A Two-Phase Approach for Time-Domain Ion Mobility Mass Spectrometry


Drift-tube ion mobility spectrometry (DT-IMS) is largely unmatched in its ability to rapidly screen passengers, cargo, and the surrounding environment for narcotics, explosives, and chemical warfare agents. However, DT-IMS are limited by duty cycle. Most experiments are on the order of < 1%, and this limitation impacts sensitivity. In addition, existing Fourier transform (FT) IMS cannot fully realize multiplexing gains, due to the need for two physical ion gates and most importantly, the need for apodization function to recover IMS spectra from raw frequency-encoded ion signals. Moreover, signal averaging IMS has limited ability to resolve adjacent peaks in a complex spectrum.

Washington State University researchers described a new Fourier transform (FT) IMS design that is directly compatible with standard drift tube ion mobility mass spectrometers (DT-IMMS). This new approach requires only a single gate and does not need signal apodization. An increase in signal-to-noise relative to both previous implementations FT-IMS experiments and signal averaged experiments was observed.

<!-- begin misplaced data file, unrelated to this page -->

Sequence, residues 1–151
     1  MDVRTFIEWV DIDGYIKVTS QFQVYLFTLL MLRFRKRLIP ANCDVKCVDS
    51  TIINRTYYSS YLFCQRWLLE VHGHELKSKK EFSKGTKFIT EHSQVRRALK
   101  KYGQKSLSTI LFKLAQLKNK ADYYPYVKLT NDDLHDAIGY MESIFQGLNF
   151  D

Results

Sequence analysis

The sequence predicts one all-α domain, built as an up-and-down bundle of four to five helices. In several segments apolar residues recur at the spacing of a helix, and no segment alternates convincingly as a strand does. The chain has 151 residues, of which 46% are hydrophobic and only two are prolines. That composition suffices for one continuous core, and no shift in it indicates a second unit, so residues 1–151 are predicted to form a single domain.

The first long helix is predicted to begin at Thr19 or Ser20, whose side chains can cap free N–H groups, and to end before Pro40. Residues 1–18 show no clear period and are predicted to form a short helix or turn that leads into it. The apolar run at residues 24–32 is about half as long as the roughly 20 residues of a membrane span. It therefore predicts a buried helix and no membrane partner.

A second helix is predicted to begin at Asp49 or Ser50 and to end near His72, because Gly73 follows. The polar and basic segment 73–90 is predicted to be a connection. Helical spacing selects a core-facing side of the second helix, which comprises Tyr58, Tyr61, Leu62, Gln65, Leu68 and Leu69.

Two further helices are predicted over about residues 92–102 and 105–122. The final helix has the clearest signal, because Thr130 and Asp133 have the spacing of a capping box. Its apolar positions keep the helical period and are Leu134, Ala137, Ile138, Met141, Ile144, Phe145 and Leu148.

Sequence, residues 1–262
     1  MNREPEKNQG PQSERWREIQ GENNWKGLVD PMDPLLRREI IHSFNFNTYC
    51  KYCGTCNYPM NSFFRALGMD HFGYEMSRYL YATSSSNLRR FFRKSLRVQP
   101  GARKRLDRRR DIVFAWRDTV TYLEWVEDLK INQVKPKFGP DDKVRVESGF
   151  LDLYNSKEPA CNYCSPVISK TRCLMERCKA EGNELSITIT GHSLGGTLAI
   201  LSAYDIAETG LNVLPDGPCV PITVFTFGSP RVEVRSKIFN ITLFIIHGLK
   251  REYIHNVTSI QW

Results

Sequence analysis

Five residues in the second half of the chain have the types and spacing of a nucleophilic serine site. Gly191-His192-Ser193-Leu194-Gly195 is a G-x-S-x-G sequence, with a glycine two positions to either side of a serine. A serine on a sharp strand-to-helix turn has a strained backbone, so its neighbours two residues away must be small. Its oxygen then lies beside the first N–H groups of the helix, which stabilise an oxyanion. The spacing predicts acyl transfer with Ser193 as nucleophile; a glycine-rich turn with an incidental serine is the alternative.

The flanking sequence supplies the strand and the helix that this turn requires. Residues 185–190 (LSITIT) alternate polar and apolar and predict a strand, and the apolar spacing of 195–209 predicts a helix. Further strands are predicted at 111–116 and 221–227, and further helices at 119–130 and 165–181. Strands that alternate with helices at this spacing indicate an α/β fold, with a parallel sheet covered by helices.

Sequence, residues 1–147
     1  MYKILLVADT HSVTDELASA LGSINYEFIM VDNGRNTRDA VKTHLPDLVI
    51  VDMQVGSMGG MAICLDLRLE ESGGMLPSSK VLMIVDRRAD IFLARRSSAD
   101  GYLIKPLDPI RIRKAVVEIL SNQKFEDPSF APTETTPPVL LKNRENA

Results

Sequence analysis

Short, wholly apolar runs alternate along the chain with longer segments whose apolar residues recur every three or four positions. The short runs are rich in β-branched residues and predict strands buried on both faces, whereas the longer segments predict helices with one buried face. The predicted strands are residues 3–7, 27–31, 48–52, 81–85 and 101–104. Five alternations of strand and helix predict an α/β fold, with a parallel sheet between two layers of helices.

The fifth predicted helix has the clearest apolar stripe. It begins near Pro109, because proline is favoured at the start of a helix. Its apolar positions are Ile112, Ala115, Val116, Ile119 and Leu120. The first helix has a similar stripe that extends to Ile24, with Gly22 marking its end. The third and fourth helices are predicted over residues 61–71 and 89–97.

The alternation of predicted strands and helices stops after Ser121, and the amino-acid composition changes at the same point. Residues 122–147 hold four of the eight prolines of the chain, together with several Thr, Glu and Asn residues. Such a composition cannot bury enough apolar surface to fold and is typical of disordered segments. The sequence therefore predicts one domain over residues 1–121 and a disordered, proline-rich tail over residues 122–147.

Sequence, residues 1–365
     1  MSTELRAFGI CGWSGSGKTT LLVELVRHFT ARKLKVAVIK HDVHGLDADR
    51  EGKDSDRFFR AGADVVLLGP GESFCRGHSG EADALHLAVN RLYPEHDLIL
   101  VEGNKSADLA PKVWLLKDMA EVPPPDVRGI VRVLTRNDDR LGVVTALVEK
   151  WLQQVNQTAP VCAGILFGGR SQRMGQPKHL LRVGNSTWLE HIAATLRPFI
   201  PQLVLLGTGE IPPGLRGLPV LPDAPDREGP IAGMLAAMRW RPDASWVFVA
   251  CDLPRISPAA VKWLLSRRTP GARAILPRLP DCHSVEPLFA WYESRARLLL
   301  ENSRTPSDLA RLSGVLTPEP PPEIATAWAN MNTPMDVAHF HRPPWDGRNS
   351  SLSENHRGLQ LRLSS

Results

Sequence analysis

Applications and Advantages

•Three times improvement of signal-to-noise ratio

•Require only a single ion gate, do not require apodization

•Does not require hardware modification

•Highly tractable, can be employed to any standard DT-IMMS

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Punam Dalai
Technology Licensing Associate
Washington State University
Reference No: 1589


Brian Clowers
William Siems

Key Words